I was at Point Reyes yesterday afternoon. It was my first time out there in quite a while. There’s been enough rain that most ground cover has turned a nice, rich green. I saw a coyote on the H Ranch which is a fairly common place to spot a coyote, and Handsome Bob, the bobcat I so named because he has such a striking coat of spots, was in his accustomed place just outside the tule elk reserve. (For a post about Handsome Bob click here.) There were a number of elk on the D Ranch (by Drake’s Bay). The bulls were in one group before the ranch complex and the cows and calves were in another group past the ranch complex. At the elk reserve on the Tomales Peninsula some bulls were with the cows and they were acting like the rut is still on there.
This big bull (7×8 points) was in his accustomed place for late afternoons which is just past the Kehoe Ranch complex in the swale on the right side of the road. He’s one of about 5 bull elk that somehow got out of the reserve some time in the past several years. He seems to be alone every time I see him. The other four seem to stay together.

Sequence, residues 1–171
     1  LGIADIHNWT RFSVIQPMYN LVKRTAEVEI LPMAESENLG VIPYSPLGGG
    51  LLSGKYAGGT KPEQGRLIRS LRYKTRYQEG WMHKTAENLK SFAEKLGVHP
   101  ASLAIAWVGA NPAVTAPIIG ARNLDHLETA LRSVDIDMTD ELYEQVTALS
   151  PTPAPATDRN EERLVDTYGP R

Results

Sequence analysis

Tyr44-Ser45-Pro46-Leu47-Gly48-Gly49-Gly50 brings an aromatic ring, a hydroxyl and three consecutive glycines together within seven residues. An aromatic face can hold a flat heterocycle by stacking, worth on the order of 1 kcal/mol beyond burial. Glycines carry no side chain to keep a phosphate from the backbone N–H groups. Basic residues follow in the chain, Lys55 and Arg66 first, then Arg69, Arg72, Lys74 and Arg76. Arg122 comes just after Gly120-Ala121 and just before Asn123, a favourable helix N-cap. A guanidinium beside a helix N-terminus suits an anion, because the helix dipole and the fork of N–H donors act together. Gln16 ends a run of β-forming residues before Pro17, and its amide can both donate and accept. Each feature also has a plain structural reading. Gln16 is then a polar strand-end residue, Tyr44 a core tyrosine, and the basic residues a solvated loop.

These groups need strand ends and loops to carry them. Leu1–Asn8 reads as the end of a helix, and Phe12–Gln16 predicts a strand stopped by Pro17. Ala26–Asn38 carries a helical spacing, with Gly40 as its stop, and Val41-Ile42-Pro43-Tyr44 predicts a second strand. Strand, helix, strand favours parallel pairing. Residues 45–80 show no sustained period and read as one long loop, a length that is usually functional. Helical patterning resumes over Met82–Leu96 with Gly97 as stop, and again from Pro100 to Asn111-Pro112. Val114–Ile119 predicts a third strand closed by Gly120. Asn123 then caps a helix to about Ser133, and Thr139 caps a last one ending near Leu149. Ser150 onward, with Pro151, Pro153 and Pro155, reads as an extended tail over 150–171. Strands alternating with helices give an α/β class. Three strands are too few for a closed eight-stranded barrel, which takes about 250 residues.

Yesterday was the first time I noticed that there is something wrong with his coat. My guess is that he has mange/scabies, but I’m no expert. I did a quick google search and found that elk do get mange. For a study done regarding mange at the National Elk Refuge (NER) at Jackson Hole, click here. Mange is caused by a mite that burrows very deep into the skin. It can cause death due to hair loss and hypothermia. The NER report states that bulls die of it at a much higher rate than cows and it was thought that the higher mortality rate was due to the debilitated state bulls are in at the start of winter due to the fall rut. The report also states that if hair loss extends from the neck to more than one quarter the length of the back the case is considered severe.
Mange is spread by contact. I have no idea to what extent the elk herd at Point Reyes has a mange problem, but since this bull is outside the reserve and doesn’t even seem to spend time with the other four bulls, his case wouldn’t seem to be cause for concern for the rest of the herd. I also have no idea what his prognosis is or how he got the mange (if that’s what it is) given his solitary habits. At least he doesn’t have to deal with cold winters like the elk at the National Elk Refuge.